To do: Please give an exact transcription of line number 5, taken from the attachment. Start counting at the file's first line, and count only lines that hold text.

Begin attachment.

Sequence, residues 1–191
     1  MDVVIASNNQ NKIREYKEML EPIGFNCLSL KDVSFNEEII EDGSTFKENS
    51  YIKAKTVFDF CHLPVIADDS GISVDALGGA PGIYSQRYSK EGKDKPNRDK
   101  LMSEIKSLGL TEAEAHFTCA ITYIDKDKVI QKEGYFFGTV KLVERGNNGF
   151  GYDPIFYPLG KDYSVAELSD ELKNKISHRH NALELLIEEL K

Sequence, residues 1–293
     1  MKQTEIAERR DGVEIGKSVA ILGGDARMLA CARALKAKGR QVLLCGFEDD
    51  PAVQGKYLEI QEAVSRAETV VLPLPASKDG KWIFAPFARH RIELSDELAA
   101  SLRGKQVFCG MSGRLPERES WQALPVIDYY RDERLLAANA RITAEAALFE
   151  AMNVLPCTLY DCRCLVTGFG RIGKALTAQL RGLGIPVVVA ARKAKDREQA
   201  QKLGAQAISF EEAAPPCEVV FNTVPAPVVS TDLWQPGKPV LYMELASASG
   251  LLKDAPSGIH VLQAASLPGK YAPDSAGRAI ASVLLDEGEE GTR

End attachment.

   151  GYDPIFYPLG KDYSVAELSD ELKNKISHRH NALELLIEEL K